Bruce Springsteen wrote a spirited 600-word endorsement of President Obama on his website last night, following up on his announcement that he’d be campaigning in the battleground states of Ohio and Iowa. Bruce stumped loudly for Obama in ’08 and it’s no surprise that The Boss would go all-out to get him re-elected over a plutocrat like Romney. The endorsement reflected the change all Obama supporters have undergone over a harsh four years: “Last time around, he carried with him a tremendous amount of hope and expectations. Unfortunately, due to the economic chaos the previous administration left him with, and the extraordinary intensity of the opposition, it turned into a really rough ride.”
But while he goes on to praise the president on a impressive list of achievements from job creation to healthcare to women’s issues to foreign policy and killing bin Laden, there is a big unspoken white elephant in the room: Guantanamo.
Before Bruce even wrote his endorsement Andrew Kirell from Mediaite wrote a scathing indictment of The Boss’s continued support for Obama this year, based on how he criticized Guantanamo in ’08. Kirell correctly reminds The Boss of his ’08 railing against “rendition, illegal wiretapping, rolling back of civil liberties, no habeas corpus if you’d like to defend yourself against charges brought against you.”
That Guntanamo remains open four years later and habeas corpus still not properly reinstated has presented progressives with their biggest philosophical quandary. And one that—like Bruce—many avoid bringing up. I suspect a big part of this is the strength of Obama’s own previous vitriol against the unconstitutionality of the Bush Administration policies. In ’08 Obama was on the same page as Bruce and other progressives. After taking office something changed—he turned to a different page. Based on how progressives had related to him on this issue it forced us to ask, Did he just flip-flop, or did new privileged information that comes with the presidency make it clear undoing all those Bush policies simply wasn’t possible? If we were in the same position, would we have made the same decision? And does that mean we were wrong to demonize Bush on this issue all along?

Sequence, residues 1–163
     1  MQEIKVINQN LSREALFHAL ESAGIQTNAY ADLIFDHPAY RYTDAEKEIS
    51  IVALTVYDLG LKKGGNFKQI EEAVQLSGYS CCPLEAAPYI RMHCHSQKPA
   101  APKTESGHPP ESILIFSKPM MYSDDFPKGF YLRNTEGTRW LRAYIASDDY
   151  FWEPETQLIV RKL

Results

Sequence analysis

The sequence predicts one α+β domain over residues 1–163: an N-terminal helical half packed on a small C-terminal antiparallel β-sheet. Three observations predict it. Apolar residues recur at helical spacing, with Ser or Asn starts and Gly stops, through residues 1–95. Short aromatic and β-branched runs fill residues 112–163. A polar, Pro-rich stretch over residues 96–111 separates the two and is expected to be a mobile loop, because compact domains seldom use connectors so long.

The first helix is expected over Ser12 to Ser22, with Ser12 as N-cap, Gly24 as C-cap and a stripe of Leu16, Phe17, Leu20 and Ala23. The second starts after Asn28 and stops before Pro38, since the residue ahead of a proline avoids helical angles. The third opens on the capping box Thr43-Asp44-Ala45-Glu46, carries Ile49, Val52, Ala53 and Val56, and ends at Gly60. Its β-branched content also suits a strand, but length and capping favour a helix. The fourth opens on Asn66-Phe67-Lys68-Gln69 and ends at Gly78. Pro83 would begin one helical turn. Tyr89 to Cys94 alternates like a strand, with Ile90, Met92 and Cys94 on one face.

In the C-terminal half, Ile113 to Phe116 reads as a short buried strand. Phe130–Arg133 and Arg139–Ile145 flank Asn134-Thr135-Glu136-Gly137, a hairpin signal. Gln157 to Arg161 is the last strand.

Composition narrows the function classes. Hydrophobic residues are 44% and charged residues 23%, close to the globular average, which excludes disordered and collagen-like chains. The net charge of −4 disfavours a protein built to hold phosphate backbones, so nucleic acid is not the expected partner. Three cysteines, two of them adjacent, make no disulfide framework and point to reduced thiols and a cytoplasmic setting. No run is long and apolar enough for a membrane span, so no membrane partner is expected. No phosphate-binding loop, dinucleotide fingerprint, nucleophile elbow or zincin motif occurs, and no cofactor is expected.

Progressives are the position of having to admit that either Obama bailed on a core value or that they and he were both simply being naive in ’08, and that the other guys were kind of right on this point.
Asking these questions starts to unravel your entire philosophy, to undermine the certainty that your party and its worldview has the correct prescriptions. No wonder no one wants to talk about it.
But simply not talking about it is problematic. Just last week Defense Secretary Leon Panetta warned that due to the threat of potentially catastrophic cyberattack Congress should mandate unprecedented access to private sector data. He insisted the government wasn’t interested in spying on individuals and that this was strictly for our own good–but what he outlined sounded something like the Patriot Act on a Lance Armstrong dose of steroids.
In light of the president’s reversal on Guantanamo and habeas corpus over the last four years, we have to ask ourselves: Is Panetta right? Were we being too idealistic to think that things that are in our best interest aren’t sometimes distasteful?
If we were wrong, we should own up to it. If we weren’t wrong, we should hold Obama to addressing the issue in a second term, should he win. Of course, either option is political poison three weeks before an election. Which I’m sure is why this was the big white elephant left out of Bruce’s endorsement.